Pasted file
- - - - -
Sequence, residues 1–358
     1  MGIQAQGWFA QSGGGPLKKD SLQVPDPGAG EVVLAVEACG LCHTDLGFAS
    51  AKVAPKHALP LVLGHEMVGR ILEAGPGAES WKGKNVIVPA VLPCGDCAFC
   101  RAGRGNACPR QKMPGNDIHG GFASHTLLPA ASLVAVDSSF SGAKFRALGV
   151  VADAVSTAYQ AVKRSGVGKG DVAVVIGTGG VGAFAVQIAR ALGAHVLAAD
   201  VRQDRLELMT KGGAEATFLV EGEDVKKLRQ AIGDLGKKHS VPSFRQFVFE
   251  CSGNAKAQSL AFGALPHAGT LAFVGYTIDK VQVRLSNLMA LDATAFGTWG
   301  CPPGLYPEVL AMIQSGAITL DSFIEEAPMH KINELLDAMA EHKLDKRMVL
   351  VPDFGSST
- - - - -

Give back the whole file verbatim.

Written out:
Sequence, residues 1–358
     1  MGIQAQGWFA QSGGGPLKKD SLQVPDPGAG EVVLAVEACG LCHTDLGFAS
    51  AKVAPKHALP LVLGHEMVGR ILEAGPGAES WKGKNVIVPA VLPCGDCAFC
   101  RAGRGNACPR QKMPGNDIHG GFASHTLLPA ASLVAVDSSF SGAKFRALGV
   151  VADAVSTAYQ AVKRSGVGKG DVAVVIGTGG VGAFAVQIAR ALGAHVLAAD
   201  VRQDRLELMT KGGAEATFLV EGEDVKKLRQ AIGDLGKKHS VPSFRQFVFE
   251  CSGNAKAQSL AFGALPHAGT LAFVGYTIDK VQVRLSNLMA LDATAFGTWG
   301  CPPGLYPEVL AMIQSGAITL DSFIEEAPMH KINELLDAMA EHKLDKRMVL
   351  VPDFGSST